Drug may help anorexia survival
As fashion magazines agree to ban excessively thin models, US study finds potential new treatment
Small doses of an anti-psychotic drug may help to treat anorexia, according to a new study in the United States. Researchers at the University of Chicago found olanzapine improves anorexia survival among mice. Mice treated with low doses of the drug were more likely to maintain their weight when given an exercise wheel and restricted access to food, conditions that produce activity-based anorexia in animals. The antidepressant fluoxetine did not improve survival in the experiment.
The study, published in the journal Neuropsychopharmacology, was the result of a collaboration between laboratory scientists and clinicians seeking new treatment options for the eating disorder.
Co-author Daniel Le Grange, professor of psychiatry and behavioural neuroscience and director of the Eating Disorders Clinic at the University of Chicago Medicine, said one challenge was finding a medication patients with anorexia would agree to take. "Patients are almost uniformly very sceptical and very reluctant to take any medication that could lower their resolve to refrain from eating," he said. "There are long-standing resistances, and I think researchers and clinicians have been reluctant to embark on that course, since it's just littered with obstacles."
Anorexia nervosa is a serious mental health condition that affects one in 200 women and one in every 2,000 men. Mary George, a spokeswoman for the eating disorders charity Beat, said 1.6 million people in the UK are affected by an eating disorder and that we were still learning about why people develop them. "Any new research is welcome, and if there are drugs available that will help, then obviously it is all to the good," she said.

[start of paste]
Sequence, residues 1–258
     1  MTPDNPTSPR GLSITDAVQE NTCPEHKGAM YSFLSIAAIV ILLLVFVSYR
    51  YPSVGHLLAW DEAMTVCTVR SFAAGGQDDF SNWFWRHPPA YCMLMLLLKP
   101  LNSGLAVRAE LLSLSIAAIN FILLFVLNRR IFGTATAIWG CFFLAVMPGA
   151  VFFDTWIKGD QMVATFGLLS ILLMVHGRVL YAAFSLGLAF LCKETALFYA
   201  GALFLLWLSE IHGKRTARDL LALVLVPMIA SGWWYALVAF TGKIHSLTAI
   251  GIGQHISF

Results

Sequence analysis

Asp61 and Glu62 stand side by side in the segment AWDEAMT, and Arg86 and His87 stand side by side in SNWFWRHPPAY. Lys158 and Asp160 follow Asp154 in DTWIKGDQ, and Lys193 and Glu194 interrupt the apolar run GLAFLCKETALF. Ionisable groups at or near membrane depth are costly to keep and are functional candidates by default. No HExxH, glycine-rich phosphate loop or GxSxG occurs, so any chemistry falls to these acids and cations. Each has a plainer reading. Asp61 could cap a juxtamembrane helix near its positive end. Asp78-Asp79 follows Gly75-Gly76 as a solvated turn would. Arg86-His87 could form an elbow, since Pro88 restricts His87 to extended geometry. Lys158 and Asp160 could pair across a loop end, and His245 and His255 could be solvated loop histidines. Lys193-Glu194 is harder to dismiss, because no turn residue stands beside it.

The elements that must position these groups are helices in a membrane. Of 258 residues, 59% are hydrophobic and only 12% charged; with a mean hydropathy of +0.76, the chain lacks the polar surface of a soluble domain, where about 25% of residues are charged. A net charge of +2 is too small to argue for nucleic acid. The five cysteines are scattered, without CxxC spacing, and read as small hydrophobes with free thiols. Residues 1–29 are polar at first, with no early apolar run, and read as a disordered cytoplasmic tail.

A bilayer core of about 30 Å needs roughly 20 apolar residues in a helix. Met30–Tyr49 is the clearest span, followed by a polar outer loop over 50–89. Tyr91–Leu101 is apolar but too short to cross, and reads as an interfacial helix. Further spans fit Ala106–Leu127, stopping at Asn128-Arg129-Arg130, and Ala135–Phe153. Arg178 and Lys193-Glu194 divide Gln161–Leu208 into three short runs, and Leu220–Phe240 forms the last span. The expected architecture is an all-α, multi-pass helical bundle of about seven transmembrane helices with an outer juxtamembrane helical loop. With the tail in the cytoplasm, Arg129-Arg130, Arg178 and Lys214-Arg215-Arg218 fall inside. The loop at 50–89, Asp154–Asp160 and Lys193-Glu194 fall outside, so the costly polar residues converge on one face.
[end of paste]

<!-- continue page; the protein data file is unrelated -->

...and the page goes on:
Last week, Vogue magazine announced it was banning models with visible signs of eating disorders from its glossy pages. The 19 editors of its international editions, including the British editor, Alexandra Shulman, have also pledged to not use any models under the age of 16. The new guidelines will come into effect for the June edition of the British magazine.
The model Coco Rocha was among those to welcome the changes. Last month, she criticised another fashion magazine – Elle Brasil – for using Photoshop to alter pictures of her. She claimed that although she wore a body suit under a sheer dress for a cover shoot, it was Photoshopped out to give the impression she was showing much more skin than she in fact was.
A separate e-petition calling on the Government to ban airbrushing of images and adverts aimed at children in the UK had reached more than 2,000 signatures yesterday. The petition will be considered for debate in the Commons if it gets at least 100,000 signatures. It states that airbrushed photos subject children to "completely unattainable images" and give "a false representation of beauty and thinness".
The petition was launched by Lynne Johnston and her 20-year-old daughter Rachael, a recovering anorexic who was at one point given 48 hours to live after her weight dropped to four-and-a-half stone. Last week, Rachael admitted that seeing airbrushed pictures of celebrities in magazines had not helped her illness.
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